When Chongmi was diagnosed with late-stage gastrointestinal cancer in 2014, Zauner flew back to their family home in Eugene, Ore., and expressed love how it had been modeled for her — by cooking for her mother. After Chongmi died months later, Zauner eventually returned to the opposite coast and coped the same way. She began a ritual of making large batches of kimchi once a month, for herself and any friend who would take some.
Zauner, best known for performing as the musical artist Japanese Breakfast, threads her journey with Korean cooking through the new memoir “Crying in H Mart.” It expands upon an identically titled essay published in the New Yorker a few years ago that explores how the supermarket chain specializing in Asian food came to serve as a bridge to Zauner’s Korean heritage after her mother’s death. “When I go to H Mart, I’m not just on the hunt for cuttlefish and three bunches of scallions for a buck,” she states in the essay, which opens the book. “I’m searching for memories.”
Over a video call from Upstate New York, the 32-year-old writer reflects on how drafting the memoir allowed her to rediscover memories that had been buried by the more grueling moments toward the end of her mother’s life. Zauner discovered her tendency to respond to crises with a sense of determined optimism — soon to be showcased on a new album, “Jubilee.”
After two records full of heartache, Zauner has described her latest as being “about joy.” While completed in 2019, the album will arrive at a time of compounded grief across the nation, the loss of lives to widespread illness and senseless violence in tandem with a surge in hate crimes against Asians, often elders who remind Zauner of her mother and grandma. She has been told the tracks don’t all sound so happy, and she agrees. Her expressions of joy come with the acknowledgement that it is both hard to come by and worth striving for.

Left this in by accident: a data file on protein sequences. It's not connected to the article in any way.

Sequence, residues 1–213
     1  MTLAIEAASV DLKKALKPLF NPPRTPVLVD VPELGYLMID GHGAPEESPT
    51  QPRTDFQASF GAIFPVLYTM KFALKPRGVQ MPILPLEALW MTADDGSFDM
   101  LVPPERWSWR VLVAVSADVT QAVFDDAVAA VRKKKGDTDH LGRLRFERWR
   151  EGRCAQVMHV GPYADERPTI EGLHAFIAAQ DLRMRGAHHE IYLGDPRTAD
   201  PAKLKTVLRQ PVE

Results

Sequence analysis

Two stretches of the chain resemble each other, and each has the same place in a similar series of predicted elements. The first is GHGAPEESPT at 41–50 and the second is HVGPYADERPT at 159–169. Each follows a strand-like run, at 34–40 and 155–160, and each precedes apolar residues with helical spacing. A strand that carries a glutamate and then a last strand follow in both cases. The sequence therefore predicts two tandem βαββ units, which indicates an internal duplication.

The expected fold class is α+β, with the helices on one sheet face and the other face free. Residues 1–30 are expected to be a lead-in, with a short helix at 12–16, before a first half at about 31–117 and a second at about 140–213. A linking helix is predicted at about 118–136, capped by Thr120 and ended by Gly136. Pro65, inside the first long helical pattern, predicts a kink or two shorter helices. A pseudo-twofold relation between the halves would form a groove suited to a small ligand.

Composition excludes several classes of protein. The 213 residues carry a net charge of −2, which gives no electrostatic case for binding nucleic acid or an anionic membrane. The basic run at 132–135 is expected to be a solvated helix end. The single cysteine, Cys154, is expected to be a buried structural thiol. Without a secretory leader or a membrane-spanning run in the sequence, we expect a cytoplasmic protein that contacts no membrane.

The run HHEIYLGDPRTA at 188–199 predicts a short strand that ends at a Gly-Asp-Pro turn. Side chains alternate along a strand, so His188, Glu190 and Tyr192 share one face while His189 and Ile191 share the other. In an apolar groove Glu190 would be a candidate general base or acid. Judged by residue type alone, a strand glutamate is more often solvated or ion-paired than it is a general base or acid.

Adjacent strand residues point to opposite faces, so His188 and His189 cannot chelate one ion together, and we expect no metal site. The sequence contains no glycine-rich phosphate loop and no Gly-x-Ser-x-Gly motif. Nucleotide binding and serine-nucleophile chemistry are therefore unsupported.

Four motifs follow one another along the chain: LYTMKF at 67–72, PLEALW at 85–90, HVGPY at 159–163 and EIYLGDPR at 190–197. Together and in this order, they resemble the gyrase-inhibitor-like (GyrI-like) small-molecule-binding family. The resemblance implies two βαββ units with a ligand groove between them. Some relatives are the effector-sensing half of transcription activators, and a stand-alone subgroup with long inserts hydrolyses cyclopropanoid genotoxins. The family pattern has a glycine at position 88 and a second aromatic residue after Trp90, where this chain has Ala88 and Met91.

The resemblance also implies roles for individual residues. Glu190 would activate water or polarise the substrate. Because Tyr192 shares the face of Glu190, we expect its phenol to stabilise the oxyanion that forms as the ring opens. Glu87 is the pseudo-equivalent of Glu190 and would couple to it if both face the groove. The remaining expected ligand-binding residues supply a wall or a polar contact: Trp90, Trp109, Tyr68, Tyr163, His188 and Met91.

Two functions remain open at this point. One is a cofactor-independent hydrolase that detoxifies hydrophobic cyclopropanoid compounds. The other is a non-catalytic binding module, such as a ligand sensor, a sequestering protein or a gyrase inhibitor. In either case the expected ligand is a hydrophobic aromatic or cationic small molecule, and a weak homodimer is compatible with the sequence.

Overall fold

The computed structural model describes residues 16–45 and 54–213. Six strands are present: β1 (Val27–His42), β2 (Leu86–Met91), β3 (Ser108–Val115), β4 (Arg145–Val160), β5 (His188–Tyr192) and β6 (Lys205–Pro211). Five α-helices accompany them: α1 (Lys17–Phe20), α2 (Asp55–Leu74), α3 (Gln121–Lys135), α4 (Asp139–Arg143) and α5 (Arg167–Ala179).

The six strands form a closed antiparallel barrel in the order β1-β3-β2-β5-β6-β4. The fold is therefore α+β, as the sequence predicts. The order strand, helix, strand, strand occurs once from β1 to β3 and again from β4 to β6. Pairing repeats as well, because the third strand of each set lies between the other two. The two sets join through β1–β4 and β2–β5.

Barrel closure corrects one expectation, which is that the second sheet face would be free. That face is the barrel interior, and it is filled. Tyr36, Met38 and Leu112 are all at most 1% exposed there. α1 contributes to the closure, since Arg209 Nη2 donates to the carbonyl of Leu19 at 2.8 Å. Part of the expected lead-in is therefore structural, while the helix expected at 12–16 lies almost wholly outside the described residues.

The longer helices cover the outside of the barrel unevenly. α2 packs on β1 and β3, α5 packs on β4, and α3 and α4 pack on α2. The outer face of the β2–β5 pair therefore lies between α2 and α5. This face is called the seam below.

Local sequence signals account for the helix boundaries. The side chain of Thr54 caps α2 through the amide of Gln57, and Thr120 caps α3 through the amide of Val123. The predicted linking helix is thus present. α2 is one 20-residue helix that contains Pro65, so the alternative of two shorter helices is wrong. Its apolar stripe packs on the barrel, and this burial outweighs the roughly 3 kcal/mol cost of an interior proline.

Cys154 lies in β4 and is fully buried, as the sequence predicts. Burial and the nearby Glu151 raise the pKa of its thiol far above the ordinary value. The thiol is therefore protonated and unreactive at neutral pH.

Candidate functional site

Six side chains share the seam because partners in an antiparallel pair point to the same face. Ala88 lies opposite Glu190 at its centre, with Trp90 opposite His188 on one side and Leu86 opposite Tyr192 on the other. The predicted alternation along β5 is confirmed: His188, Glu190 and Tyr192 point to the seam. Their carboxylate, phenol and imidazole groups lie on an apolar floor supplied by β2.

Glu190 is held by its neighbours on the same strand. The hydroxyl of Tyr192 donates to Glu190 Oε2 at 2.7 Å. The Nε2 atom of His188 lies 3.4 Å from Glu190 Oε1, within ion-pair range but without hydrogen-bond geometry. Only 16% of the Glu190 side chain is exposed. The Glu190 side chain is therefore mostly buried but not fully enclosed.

“It’s what we spend our whole lives fighting for and trying to preserve and sustain,” she says. “I feel like that’s a really apt thing for the times.”
Zauner dabbled in all sorts of styles while studying creative writing at Bryn Mawr College, with the notable exception of nonfiction. She steered clear of the genre as a way to avoid writing about herself. Among her literary heroes were Richard Ford, Philip Roth and John Updike, whom she characterizes as “writers with grit telling real, human stories.” She, too, wanted to dream up rich fictional lives in lieu of what she saw at the time as the burden of prefacing her story with an explanation of her mixed-race identity and upbringing. She didn’t want to be seen as playing “that card.”
The race card, of course, is its own work of fiction; the merits of writing about her life became clearer to Zauner after her mother’s death, when she also lost her main connection to her Korean heritage. Zauner’s father, Joel, a White man from Philadelphia, had lived in Seoul for a time. But he couldn’t provide his daughter with the answers she sought. What did it mean for her to risk losing such a vital part of herself?
“I felt this sense of urgency, where I just needed to write down what I was feeling because I was very confused,” Zauner says. “It was a way for me to navigate what had happened.”
Her journey began with an essay Glamour magazine published in 2016, two years before the viral New Yorker piece. She wrote the first draft of the memoir throughout 2019, really diving in during a three-week trip to Korea following a spring concert tour. The last time she had accompanied her mother to Seoul was soon after the diagnosis, a sentimental trip on which Chongmi’s health rapidly deteriorated. Zauner notes in the book that by traveling against the doctor’s orders, her family “had tried to choose living over dying and it had turned out to be a horrible mistake.” Over Zoom, she calls it “maybe the ugliest memory I have.”
That was the portion she struggled to write most, the only chapter during which she cried while recording the audiobook. Her mother had been her main companion throughout her childhood in Eugene, as the family lived in a house miles from town and, therefore, far from kids Zauner’s age. She watched as the woman whose fire she had inherited lost a sense of autonomy. It was at that point that Zauner called her then-boyfriend, musician Peter Bradley, and told him they had to get married in time for her mother to attend.